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Since it was launched, very much as an experiment, at the Berlin Film Festival in 2015, the Arab Cinema Center has quickly become the essential bridge between the Arab film industry and the rest of the world. An umbrella organization established by Cairo-based regional distributor and producer Mad Solutions, the ACC has been descending on festival markets around the world with a growing number of banners under its wings, helping push Arab cinema and acting as a catalyst for co-productions.
Speaking to The Hollywood Reporter as they were gearing up for the ACC’s third Cannes, co-founders and managing partners Alaa Karkouti and Maher Diab discussed their achievements so far, why Netflix shouldn’t be considered the great white hope for filmmakers and which Arab titles the world is going to be watching over the next 12 months.
How has the Arab Cinema Center developed since Berlin 2015?
ALAA KARKOUTI It’s becoming bigger and bigger. It’s now officially registered in Berlin as a non-government organization. What we’re now doing is really what governments should be doing. The good thing is that the Arab Cinema Center is generating more awareness on all levels of Arab cinema. We’re getting more presence at the festivals we’re attending, not just for films, but more Arab names on workshops, in the markets, panel discussions and also more coverage in the international media. And it’s important how we’re connecting people. It’s helping a lot of projects to move on.
Any particular success stories?
KARKOUTI There is already one project that will begin shooting this summer — the first co-pro between Egypt and Luxembourg. There’s also a new Turkish-Jordanian film, about Syrians in Turkey. And there’s a Saudi-American co-pro. We screened a teaser at the Arab Cinema Lab. The film is moving forward now. There’s another Saudi film by the actress Ahd. She’s wrapping a project. There are many projects that have moved forward.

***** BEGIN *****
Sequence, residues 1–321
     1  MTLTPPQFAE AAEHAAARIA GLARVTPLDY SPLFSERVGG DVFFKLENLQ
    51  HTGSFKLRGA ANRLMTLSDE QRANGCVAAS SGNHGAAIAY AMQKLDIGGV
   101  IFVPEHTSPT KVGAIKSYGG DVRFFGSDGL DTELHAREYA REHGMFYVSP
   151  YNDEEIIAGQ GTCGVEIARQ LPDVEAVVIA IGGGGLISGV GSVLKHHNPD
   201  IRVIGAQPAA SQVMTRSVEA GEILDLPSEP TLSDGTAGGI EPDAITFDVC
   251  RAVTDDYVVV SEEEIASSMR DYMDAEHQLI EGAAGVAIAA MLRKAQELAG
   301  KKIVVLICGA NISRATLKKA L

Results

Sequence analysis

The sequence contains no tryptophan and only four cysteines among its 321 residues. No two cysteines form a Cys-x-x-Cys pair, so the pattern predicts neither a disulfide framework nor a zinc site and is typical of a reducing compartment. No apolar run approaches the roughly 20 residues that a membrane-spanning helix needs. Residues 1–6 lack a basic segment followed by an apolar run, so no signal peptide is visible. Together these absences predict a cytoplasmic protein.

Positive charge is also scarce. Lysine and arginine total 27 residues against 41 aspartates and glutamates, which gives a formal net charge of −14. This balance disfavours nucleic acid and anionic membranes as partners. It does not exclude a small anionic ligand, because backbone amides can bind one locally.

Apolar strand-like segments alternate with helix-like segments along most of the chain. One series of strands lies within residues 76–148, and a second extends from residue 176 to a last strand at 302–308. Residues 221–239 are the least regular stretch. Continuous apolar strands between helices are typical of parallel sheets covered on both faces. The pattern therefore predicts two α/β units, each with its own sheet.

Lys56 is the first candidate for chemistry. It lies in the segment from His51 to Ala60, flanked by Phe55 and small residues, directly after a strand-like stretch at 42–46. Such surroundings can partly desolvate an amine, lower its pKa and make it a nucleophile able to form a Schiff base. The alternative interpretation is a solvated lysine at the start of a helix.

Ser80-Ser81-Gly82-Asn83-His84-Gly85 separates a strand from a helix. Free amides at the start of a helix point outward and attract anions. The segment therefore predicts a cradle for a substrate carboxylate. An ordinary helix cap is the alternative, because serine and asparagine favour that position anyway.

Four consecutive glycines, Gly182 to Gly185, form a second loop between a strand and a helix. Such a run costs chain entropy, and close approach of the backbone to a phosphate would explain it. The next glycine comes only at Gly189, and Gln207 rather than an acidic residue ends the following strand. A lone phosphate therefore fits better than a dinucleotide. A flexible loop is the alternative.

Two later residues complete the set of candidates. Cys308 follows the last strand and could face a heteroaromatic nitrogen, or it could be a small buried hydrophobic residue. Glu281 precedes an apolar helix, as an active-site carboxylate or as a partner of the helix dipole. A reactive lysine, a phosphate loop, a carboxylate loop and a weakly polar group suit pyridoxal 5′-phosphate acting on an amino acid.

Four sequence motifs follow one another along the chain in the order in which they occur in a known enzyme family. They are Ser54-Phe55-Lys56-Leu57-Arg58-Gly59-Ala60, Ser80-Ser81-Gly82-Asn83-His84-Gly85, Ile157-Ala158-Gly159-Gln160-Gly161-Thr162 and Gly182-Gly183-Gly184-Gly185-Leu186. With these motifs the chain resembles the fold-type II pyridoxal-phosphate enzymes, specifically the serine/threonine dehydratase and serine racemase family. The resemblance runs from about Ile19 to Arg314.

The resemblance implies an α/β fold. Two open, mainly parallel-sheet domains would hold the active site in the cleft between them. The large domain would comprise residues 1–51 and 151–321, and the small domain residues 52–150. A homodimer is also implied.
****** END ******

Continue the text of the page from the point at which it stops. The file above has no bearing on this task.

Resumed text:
Why do you think something like the ACC hadn’t happened before?
MAHER DIAB It wasn’t that easy to put all these entities from different jurisdictions together in one place. I think it needed certain connections in the Arab world and with the outside [world], and honestly, it requires a lot of courage, patience and taking the risk to take this step independently without any financial support.
Has the arrival of Netflix as a global streaming video provider changed the landscape for Arab filmmakers?
KARKOUTI Only in theory, because nothing has been affected yet. So far, Netflix has bought only two films — Zinzana and Very Big Shot. But everyone in the industry is now seeing Netflix as the big hope, which is a huge mistake. Because in the end, Netflix isn’t coming to buy everything.
Which Arab films do you think will break out internationally this year?
KARKOUTI There is Sheikh Jackson [about an Islamic fundamentalist cleric with a secret passion for Michael Jackson]. And I expect the Turkish-Jordanian film [will break out], because it’s the first film about Syrian immigrants in Istanbul. And, of course, I’m expecting Beauty and the Dogs, the Tunisian film, which is in Cannes already.
Have the ACC’s objectives changed since its launch?
DIAB Our main objective was always to lobby Arab cinema and culture, but the details have evolved for sure, and things started crystallizing further.
What’s next for the ACC?
KARKOUTI We’re planning a distribution advance to encourage international distributors to take more Arab films. Now we’re working on getting the funds for this. It’s a similar direction to the World Cinema Fund Europe. We’re getting supporters and sponsors; entities that are willing. We’re now gathering the final amount we can get and hopefully can launch it this year.
Is it difficult juggling Mad Solutions and ACC?
This story first appeared in the May 20 Cannes daily issue of The Hollywood Reporter magazine.
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